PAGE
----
New York City’s “Universal Access” Legislation:
One Giant Leap For The Civil Right To Counsel
On July 20, 2017, 48 years to the day after Neil Armstrong and Buzz Aldrin took the first human steps on the moon, the New York City Council passed Intro 214-B. The bill, signed into law by NYC Mayor Bill de Blasio on August 11, 2017, makes New York City the first jurisdiction in the United States to commit to providing legal representation to all low-income tenants, who face eviction, whose income falls below 200% of the federal poverty guidelines. By guaranteeing legal representation in eviction proceedings for people who cannot afford counsel, the law breaks new ground and marks a major step forward for the civil right to counsel movement. When fully implemented in 2022, the City of New York projects that it will be spending $155 million a year in provision of counsel for tenants facing eviction in New York City.
Recognizing the realistic need to expand capacity over time in order to assure quality assistance, as well as the need to manage expectations of a population with immediate needs that simply can’t all be addressed immediately, the NYC Council wisely wrote a five-year phase-in period into the legislation. The city plans to start implementation by ensuring full representation in one zip code per borough and then to expand from there. The city also has agreed to expand services to all income-eligible elderly and disabled tenants within the next couple of years.
Under the legislation, legal assistance will be provided by non-profit legal services organizations, who will be expected to hire hundreds of new staff attorneys, as well as supervisors and other personnel to implement the statute. There are over 250,000 eviction proceedings on the docket of New York City’s Housing Court each year and it is estimated that 82% of the tenants facing eviction are income-eligible for assistance.
New York City’s civil legal services programs have their work cut out for them. Hiring scores of new attorneys, promoting supervisors, finding office space and developing a service delivery infrastructure may be enviable challenges, but they are significant challenges for the providers nonetheless. Over the coming years, there will continue to be a need for a steady stream of hiring and expansion, training of new hires, promotion of experienced attorneys to supervisory positions and training them to be good supervisors. To fill the jobs in this rapidly-growing field, there will need to be a pipeline of law students, law graduates and attorneys who will be well-equipped to take the jobs. Our victory in securing representation for all low-income tenants will have enormous, transformative impact if we can develop a cohort of attorneys to implement the law who have the skills and the fire in the belly to work with and for community organizations that are fighting to save their homes and communities, to advocate aggressively in the courts, legislative bodies and elsewhere for laws, policies and practices that protect and advance the interests of low-income tenants, and who know how to use all the tools at their disposal.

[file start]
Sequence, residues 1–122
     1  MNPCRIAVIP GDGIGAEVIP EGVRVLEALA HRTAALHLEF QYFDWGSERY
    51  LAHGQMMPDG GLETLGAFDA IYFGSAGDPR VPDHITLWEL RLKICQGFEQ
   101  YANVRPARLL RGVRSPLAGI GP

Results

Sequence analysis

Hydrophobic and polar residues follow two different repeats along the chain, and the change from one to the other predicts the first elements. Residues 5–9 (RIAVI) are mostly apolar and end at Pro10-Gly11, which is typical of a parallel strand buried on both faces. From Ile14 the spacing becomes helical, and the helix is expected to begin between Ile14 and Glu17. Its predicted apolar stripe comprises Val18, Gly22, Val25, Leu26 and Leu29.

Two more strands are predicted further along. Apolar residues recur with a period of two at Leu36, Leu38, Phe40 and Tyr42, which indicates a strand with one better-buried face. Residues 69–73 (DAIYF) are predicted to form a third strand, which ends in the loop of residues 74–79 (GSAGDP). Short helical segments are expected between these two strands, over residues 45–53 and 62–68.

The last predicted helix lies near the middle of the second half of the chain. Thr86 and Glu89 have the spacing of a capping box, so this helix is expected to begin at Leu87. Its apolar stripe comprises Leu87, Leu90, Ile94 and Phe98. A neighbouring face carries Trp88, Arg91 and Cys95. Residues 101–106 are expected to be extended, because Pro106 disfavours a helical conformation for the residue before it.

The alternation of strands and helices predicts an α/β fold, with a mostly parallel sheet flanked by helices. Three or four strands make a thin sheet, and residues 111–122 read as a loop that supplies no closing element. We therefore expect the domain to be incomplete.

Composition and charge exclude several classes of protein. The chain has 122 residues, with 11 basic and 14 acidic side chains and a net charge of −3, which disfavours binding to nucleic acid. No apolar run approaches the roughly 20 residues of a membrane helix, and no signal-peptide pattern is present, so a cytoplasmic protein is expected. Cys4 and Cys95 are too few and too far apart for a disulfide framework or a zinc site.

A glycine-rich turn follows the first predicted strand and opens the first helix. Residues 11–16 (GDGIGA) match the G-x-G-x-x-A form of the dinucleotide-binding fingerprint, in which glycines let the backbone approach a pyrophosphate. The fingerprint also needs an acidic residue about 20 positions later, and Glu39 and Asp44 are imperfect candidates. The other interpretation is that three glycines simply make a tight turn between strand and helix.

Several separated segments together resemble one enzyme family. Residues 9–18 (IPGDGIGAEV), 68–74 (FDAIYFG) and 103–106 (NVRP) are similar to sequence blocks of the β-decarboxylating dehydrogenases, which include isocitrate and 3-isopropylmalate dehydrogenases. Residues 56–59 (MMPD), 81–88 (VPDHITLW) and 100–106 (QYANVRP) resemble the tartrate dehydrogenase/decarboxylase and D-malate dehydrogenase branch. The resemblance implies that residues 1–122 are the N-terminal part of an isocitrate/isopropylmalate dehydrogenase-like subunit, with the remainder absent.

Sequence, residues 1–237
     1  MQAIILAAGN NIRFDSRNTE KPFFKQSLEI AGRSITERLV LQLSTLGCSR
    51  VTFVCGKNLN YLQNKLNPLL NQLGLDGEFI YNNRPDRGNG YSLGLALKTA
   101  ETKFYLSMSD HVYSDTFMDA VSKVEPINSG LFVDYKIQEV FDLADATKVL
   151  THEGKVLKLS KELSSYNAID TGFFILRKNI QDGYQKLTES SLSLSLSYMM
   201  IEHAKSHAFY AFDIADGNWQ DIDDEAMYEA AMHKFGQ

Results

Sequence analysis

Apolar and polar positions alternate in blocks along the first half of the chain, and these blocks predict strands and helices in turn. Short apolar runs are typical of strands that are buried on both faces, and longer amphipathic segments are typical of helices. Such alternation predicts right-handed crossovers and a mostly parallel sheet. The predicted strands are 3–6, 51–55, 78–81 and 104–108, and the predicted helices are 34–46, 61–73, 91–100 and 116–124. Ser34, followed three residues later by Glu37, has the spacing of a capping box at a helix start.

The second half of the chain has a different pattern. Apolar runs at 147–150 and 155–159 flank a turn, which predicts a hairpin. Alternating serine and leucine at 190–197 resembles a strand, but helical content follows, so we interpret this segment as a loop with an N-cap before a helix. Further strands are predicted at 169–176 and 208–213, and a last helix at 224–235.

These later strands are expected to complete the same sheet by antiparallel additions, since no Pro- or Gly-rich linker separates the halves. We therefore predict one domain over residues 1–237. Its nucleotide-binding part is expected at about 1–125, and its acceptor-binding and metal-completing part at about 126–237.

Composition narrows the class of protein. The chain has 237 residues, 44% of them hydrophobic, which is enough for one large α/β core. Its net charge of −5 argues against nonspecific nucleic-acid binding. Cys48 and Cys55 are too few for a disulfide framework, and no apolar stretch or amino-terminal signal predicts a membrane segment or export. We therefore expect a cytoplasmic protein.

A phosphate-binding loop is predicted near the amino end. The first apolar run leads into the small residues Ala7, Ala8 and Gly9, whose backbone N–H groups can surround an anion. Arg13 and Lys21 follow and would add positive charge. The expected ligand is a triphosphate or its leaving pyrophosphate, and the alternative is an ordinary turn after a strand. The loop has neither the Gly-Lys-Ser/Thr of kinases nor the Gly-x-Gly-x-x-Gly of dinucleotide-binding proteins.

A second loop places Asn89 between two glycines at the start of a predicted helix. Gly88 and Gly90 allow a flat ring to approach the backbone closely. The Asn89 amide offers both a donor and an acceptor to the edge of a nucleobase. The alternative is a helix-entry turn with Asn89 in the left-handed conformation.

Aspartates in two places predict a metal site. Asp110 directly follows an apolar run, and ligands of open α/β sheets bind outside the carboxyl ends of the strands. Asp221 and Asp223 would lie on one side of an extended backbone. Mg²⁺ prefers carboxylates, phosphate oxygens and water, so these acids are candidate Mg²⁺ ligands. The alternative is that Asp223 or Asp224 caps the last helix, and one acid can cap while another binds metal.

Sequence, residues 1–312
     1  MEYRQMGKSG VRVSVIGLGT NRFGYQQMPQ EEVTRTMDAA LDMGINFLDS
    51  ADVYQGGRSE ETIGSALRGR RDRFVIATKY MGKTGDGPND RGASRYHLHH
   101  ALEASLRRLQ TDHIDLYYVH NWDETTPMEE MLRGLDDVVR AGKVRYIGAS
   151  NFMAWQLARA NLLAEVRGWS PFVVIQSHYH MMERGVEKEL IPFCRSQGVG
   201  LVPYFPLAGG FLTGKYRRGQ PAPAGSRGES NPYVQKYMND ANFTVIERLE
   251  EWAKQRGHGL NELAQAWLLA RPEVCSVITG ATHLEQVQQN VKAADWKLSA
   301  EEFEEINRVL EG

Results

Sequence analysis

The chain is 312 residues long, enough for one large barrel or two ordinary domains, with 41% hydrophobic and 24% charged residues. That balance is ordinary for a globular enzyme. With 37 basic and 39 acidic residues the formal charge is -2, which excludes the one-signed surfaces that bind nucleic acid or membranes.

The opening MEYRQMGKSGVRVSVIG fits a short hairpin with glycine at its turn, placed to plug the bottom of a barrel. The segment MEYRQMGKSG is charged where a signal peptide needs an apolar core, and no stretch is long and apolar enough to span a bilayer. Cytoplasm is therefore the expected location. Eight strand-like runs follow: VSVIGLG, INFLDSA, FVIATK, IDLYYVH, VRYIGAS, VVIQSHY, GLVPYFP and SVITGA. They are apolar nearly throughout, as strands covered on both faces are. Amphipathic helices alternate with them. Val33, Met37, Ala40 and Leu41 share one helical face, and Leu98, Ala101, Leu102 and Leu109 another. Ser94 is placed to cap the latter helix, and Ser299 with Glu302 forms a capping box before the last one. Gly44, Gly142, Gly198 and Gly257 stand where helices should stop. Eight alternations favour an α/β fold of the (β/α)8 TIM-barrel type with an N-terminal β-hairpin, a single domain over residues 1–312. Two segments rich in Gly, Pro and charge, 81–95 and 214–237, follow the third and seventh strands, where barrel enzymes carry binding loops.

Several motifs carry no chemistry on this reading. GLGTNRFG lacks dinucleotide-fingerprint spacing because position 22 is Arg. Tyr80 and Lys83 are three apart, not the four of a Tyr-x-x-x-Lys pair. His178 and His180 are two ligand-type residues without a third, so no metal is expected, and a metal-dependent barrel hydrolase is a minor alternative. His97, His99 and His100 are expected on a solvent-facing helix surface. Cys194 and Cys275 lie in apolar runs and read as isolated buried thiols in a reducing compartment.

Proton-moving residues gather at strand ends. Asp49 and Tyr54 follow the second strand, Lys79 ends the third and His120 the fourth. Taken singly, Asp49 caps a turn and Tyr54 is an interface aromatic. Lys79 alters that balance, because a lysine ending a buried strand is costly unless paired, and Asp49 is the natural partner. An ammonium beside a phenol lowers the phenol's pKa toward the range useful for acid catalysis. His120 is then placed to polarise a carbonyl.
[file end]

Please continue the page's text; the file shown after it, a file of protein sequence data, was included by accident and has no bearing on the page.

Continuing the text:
This breakthrough in NYC is inspiring other jurisdictions to take similar measures. Philadelphia appropriated $500,000 this year for attorneys to provide eviction defense; Washington D.C. appropriated $4.5 million for eviction defense; legislation to create an eviction defense program has been introduced in Baltimore. Just as the moonwalk almost a half-century ago demonstrated what science could accomplish, New York City’s new program of universal access to counsel is a breakthrough of monumental proportions that demonstrates how activism and advocacy by a broad coalition, led by community leaders and widely supported, can substantially advance social justice. Stay tuned.